Saturday, March 11, 2006

Reading is fundamental

Went home 15th out of 21 last night in a sub-satellite for a $2,500 WSOP buy-in. With a $60 entry fee, we were competing for the last 2 seats in a 9-person SNG to determine who would be heading to Vegas. Third through fifth paid cash.

With a starting stack of 10,000 and 30-minute rounds, there was plenty of room to maneuver and time to be patient. Not much maneuvering for me, but I did remain patient. I could sue the deck for non-support. Aces early got no action post-flop. After that, there were a few ace-littles and lots of hands that contained 2s and 4s. I got all-in once after raising with A-8 against a limp by The Eskimo and his subsequent re-raise. I didn't figure him to be too strong. He wasn't: He had A-8, too.

About 3 hours into the tournament and blinds at 250/500/25, I raise 4x the BB with A-K. The small stack to my left pushes, which is cool. I've got about 2,000 more than him and am happy to call. But there's a complication: The player two to his left pushes as well and has me covered. Having bet the 2,000, I've got a little over 4,500 to call to win a pot of 17,000. The kid on the short stack has seemed frustrated and I figure A-Q or A-J are possibilities. I have no idea what the second guy has, but I don't think it's kings or aces. The pot is laying me great odds, but is it worth it to expose the rest of my stack? While I would still have chips if I opted to fold, my chances of grabbing a token or at least some cash improve greatly if I win the hand. Time to gamble and I call.

Short stack flips over queens, the bigger stack jacks. Cool. I've dodged kings or aces. I wish I knew the odds then, but looked it up after I got home and discovered I was a slight underdog to the queens and a favorite over the jacks (46% to 36% to 17%). A third queen arrives on the river to seal the deal and I'm done.

I'm happy with the call, even if it meant getting my chips in the middle with less than the best hand. It was an okay read. I thought both players had hands (although I was off a bit on the short stack) that slick had a decent chance to beat.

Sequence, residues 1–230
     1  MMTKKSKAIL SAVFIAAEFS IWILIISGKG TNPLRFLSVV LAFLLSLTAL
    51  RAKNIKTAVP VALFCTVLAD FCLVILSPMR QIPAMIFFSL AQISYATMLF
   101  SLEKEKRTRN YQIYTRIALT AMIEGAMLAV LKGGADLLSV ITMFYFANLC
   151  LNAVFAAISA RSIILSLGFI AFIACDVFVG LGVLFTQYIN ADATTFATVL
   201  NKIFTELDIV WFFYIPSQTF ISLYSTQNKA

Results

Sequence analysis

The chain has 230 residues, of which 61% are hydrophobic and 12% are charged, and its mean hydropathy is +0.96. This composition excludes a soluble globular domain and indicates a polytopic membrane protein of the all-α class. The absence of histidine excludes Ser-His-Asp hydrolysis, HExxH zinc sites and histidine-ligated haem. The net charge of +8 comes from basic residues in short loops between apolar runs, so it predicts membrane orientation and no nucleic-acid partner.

Overall, the night proved a good experience. While the deck did not help me, and I think I played my cards as well I could, I realize that there's something major missing in my game. That final hand notwithstanding, I need to become better attuned to everything and everyone round me at the table. I think I've become proficient with the math, stack management and other technical basics of tournament play, but it's that mystical, sixth sense sort of thing that good players possess that I lack. I'm sure it's an innate skill for some people. For me, it will have to be acquired.

Jason, a regular member of our Meetup group, takes great delight in making reads, going with his gut and winning without cards (and dumping strong hands when he believes he's beat). "I play the player," Jason says.

He does seem to be pretty good at it and is willing to splash around in pots that his cards say he has no business being in. I know he's made several good reads against me in the past. Winning with aces, he says, provides no thrill because you're supposed to win with them. (I think that's a slight exaggeration, though. Who doesn't get a little adrenaline boost after peeking down and seeing the rockets staring back at you?)

I'm not sure how else to become literate in the reading of players except through experience. Live sessions in the future should be dedicated to that very thing.


Anonymous Meat said...

Nice Post. I have read alot of books about personality types in the past and if I feel that some people possess inheriently that "gut" feeling sense. Not to say that others can't develop it, but for some it takes more work than others. A good example is when I eliminated charlie, only 9-10 of clubs on a 5 2 2 board with two clubs. I can attribute finishing in the money to winning that hand and giving myself the chips to maneavuer early on. I felt strongly about a read and went with it on the flop and turn.

Playing poker like this isnt always needed and can sometimes make you look very foolish, but you just got to have thick skin when it comes to making a read.

6:33 AM  

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